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Brent heads towards $125


SINGAPORE — Brent crude edged towards $125 a barrel yesterday, pulling back from sharp losses a day earlier, as a surprise drawdown in US crude stocks and a weaker dollar offset the prospect of a ramp up in supply by top exporter Saudi Arabia.

Industry data showed an unexpected 1,4-million-barrel decline in crude stockpiles last week, but comments by the Saudi Oil minister that the kingdom was prepared to meet any supply shortfall are expected to keep a lid on gains.

“The lower stocks are giving support to the market, but the Saudi comments will put a short-term cap on the oil price, and ease fears of supply issues emanating out of Iran,” said Ben Le Brun, market analyst with OptionsXpress in Sydney.

Brent crude gained 31 cents to $124,43 a barrel by 0720GMT, after falling more than a dollar in the previous session on the Saudi comments.

US crude was up 58 cents at $106,65. The benchmark plunged more than 2% on Tuesday.

Oil prices also received a boost after the greenback fell 0,3% against a basket of currencies, making dollar-denominated commodities cheaper when purchased in other currencies.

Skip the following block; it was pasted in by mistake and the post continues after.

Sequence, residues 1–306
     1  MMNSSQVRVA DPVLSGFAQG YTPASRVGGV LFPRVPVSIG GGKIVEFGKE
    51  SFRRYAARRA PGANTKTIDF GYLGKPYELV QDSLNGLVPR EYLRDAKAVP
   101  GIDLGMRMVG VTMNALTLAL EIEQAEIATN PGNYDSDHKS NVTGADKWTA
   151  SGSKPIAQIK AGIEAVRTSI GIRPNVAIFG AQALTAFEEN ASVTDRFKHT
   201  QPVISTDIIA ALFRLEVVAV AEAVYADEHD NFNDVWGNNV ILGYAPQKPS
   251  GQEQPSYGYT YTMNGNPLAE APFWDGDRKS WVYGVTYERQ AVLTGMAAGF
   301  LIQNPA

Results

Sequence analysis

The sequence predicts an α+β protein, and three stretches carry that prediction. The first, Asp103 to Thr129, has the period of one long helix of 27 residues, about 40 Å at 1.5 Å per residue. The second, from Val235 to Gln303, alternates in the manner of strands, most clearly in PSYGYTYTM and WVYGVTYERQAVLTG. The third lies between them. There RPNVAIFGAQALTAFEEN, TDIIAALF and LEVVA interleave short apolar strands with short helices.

US crude stockpiles fell 1,4 million barrels in the week to March 16, data from the American Petroleum Institute showed, compared with analysts’ expectations for a 2,4 million barrel build.

Crude stocks at Cushing, Oklahoma, the delivery point for the benchmark West Texas Intermediate crude, fell 194 000 barrels, data showed.

The market awaited inventory data from the US Energy Information Administration yesterday for confirmation of the drawdown.

China’s crude inventory was also lower last month, with commercial stocks falling 3,77% by the end of February from a month earlier, official news agency Xinhua said yesterday.

Saudi Arabia sought to soothe fears about high oil prices, saying on Tuesday world supplies were well in excess of demand and crude at $125 a barrel was not justified, given the anaemic state of the world economy.

Saudi Oil minister Ali al-Naimi said the kingdom had met all its customers’ requests for oil and stood ready to raise output to full capacity of 12,5 million barrels per day, if needed.

At more than $124 a barrel, Brent is trading just $23 short of an all-time high, as tighter Western sanctions on Iran threaten to slow the country’s exports.

China imported a record 1,39 million barrels per day of crude oil from Saudi Arabia in February, 38,6% higher than a year earlier, while slashing Iranian imports by around 40%, official data showed yesterday.

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